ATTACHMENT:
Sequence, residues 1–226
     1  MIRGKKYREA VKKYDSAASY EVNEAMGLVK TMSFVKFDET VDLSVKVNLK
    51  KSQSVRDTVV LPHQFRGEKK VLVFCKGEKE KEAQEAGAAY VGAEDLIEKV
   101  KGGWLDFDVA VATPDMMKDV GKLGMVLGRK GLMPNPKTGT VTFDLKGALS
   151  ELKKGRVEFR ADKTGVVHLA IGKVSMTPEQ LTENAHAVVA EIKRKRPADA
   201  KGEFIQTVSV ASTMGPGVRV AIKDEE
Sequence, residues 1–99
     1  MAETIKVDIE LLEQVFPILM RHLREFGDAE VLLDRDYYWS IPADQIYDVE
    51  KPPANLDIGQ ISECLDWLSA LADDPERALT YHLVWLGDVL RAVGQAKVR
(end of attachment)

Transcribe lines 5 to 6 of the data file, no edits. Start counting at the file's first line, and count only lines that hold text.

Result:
   151  ELKKGRVEFR ADKTGVVHLA IGKVSMTPEQ LTENAHAVVA EIKRKRPADA
   201  KGEFIQTVSV ASTMGPGVRV AIKDEE